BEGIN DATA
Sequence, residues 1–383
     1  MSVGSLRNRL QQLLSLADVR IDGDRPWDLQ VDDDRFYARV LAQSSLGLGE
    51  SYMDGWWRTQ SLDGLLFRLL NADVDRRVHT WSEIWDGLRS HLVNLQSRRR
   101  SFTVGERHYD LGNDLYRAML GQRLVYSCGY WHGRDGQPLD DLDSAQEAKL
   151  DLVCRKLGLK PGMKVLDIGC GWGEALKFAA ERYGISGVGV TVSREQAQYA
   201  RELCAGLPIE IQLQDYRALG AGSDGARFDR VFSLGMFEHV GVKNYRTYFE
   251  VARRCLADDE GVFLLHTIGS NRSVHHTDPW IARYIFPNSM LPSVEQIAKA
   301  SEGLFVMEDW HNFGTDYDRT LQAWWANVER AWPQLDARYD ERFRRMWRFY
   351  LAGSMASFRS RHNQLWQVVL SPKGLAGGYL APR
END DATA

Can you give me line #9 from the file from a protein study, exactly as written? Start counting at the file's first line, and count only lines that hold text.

   351  LAGSMASFRS RHNQLWQVVL SPKGLAGGYL APR